“The revelation on plural marriage, recorded in Doctrine and Covenants 132, emerged partly from Joseph Smith’s study of the Old Testament in 1831. Latter-day Saints understood that they were living in the latter days, in what the revelations called the “dispensation of the fullness of times.”5 Ancient principles—such as prophets, priesthood, and temples—would be restored to the earth. Plural marriage, practiced by ancient patriarchs like Abraham, Isaac, Jacob, and Moses, was one of those ancient principles.”

This has been a very perplexing statement. Logic says that if Joseph had to restore all as at first, including plural marriage, why isn’t it a necessary principle today? (The Woodruff Manifesto is another topic of discussion). Thinking about this some more, if Joseph restored Christ’s church, then who in Christ’s time practiced polygamy and if not why not? And if the doctrine of polygamy is to raise seed unto God then why did Adam only have Eve and not other wives, or even Noah after the flood?

And again:

“Emma approved, at least for a time, of four of Joseph Smith’s plural marriages in Nauvoo, and she accepted all four of those wives into her household. She may have approved of other marriages as well. But Emma likely did not know about all of Joseph’s sealings. She vacillated in her view of plural marriage, at some points supporting it and at other times denouncing it.”

This doesn’t sound like Emma was thrilled about polygamy and what about Joseph being honest with his wife?

Here’s an interesting quote:

“The revelation on marriage required that a wife give her consent before her husband could enter into plural marriage. Nevertheless, toward the end of the revelation, the Lord said that if the first wife “receive not this law”—the command to practice plural marriage—the husband would be “exempt from the law of Sarah,” presumably the requirement that the husband gain the consent of the first wife before marrying additional women. After Emma opposed plural marriage, Joseph was placed in an agonizing dilemma, forced to choose between the will of God and the will of his beloved Emma. He may have thought Emma’s rejection of plural marriage exempted him from the law of Sarah. Her decision to “receive not this law” permitted him to marry additional wives without her consent.”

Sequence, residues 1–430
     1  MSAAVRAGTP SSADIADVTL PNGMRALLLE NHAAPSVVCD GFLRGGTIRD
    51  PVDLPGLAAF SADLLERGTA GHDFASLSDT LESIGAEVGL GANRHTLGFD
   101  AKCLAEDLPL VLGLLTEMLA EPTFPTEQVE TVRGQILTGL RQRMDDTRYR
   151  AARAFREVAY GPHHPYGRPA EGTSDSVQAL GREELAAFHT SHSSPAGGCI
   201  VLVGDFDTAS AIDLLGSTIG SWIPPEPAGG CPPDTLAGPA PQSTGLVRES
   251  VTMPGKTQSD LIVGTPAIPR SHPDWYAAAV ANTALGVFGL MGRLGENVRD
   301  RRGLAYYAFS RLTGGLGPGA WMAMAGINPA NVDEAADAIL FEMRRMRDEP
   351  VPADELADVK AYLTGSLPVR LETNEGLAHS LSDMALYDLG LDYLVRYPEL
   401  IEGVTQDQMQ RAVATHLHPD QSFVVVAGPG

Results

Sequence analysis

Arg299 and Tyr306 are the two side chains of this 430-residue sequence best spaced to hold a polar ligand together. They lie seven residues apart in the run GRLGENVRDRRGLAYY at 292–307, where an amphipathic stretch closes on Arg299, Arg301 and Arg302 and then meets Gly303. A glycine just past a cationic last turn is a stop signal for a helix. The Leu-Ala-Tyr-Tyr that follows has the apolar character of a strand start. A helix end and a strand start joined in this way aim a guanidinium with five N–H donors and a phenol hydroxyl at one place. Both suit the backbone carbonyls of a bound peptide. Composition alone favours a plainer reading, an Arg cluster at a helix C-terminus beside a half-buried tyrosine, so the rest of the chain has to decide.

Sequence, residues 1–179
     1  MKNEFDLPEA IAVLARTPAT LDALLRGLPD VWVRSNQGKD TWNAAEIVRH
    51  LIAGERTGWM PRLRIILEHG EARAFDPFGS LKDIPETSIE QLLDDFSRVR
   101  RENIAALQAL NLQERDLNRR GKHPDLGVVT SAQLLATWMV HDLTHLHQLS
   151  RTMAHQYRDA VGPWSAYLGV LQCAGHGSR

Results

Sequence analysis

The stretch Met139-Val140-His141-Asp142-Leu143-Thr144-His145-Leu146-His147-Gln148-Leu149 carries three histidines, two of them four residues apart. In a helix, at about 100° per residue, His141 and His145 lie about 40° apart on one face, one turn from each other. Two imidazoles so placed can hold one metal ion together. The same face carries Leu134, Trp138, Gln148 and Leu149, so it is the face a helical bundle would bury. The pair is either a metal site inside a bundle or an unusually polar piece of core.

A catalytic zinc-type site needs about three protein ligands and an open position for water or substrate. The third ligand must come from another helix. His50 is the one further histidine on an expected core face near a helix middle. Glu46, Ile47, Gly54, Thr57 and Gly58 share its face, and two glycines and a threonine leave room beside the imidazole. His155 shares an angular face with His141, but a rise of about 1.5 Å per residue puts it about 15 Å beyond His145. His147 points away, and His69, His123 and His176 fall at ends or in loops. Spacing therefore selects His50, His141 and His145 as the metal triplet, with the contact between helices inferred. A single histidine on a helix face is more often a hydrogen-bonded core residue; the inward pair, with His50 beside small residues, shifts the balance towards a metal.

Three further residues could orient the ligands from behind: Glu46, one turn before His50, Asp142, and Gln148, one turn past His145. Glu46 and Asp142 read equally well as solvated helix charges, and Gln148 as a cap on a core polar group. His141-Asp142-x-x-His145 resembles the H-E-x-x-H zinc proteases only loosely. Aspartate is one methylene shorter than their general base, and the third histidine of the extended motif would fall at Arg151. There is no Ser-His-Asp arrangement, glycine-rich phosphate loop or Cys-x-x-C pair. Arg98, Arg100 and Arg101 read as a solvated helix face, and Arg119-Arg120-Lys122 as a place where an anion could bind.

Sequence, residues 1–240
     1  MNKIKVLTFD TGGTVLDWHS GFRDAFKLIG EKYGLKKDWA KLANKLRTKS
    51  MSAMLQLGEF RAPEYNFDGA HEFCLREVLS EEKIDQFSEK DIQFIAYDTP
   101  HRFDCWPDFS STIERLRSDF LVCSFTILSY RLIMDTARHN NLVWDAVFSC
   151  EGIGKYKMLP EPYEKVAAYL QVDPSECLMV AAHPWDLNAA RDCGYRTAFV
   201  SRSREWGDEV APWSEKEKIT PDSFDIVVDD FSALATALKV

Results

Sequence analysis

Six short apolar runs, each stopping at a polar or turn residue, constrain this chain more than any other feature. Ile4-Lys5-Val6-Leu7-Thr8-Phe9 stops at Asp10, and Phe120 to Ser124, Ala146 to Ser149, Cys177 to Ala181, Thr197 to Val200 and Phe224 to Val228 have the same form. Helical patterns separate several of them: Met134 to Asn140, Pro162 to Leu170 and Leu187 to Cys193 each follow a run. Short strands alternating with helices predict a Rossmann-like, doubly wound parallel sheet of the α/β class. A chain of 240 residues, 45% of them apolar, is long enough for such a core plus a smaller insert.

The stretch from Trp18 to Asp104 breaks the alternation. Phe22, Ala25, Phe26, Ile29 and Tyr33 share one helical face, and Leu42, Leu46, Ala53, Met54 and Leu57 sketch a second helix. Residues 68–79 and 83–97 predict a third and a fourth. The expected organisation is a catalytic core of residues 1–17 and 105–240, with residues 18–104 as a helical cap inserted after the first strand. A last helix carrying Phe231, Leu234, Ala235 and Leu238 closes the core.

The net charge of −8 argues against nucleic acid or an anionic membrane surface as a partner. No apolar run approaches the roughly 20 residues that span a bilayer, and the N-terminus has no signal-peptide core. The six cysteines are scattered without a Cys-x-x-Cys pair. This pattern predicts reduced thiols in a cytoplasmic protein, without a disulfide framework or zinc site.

Well a convenient out for Joseph. He could marry anyone without Emma’s permission because he was only following God’s command.

Let’s look at Helen Mar Kimball, Heber C Kimball’s 14 year old daughter (see BYU Religious Education):

“Joseph . . . came next morning & with my parents I heard him teach & explain the principle of Celestial marriage—after which he said to me, ‘If you will take this step, it will ensure your eternal salvation and exaltation & that of your father’s household & all of your kindred. This promise was so great that I willingly gave myself to purchase so glorious a reward.” Neither a starry-eyed nor love-struck proposal, Joseph Smith’s to Helen resembles others recorded by the Prophet’s wives; each reported that he couched his proposal in the language of revelation, obedience to God’s law, and the promise of eternal rewards.”

I can’t help but feel for Helen, a 14 year old girl who had so much pressure put on her by the Prophet and her father. Can you imagine if you had a 14 year old daughter? Would you feel comfortable in submitting to the proposal?

Pres Gordon B Hinckley in an interview with Larry King said this of the practice of polygamy:

“I condemn it, yes, as a practice, because I think it is not doctrinal.”

The church essay states this about the doctrine of plural marriage:

“Church members no longer practice plural marriage.54 Consistent with Joseph Smith’s teachings, the Church permits a man whose wife has died to be sealed to another woman when he remarries.”

So it is indeed still a doctrine of the church. Perhaps Pres Hinckley was confused?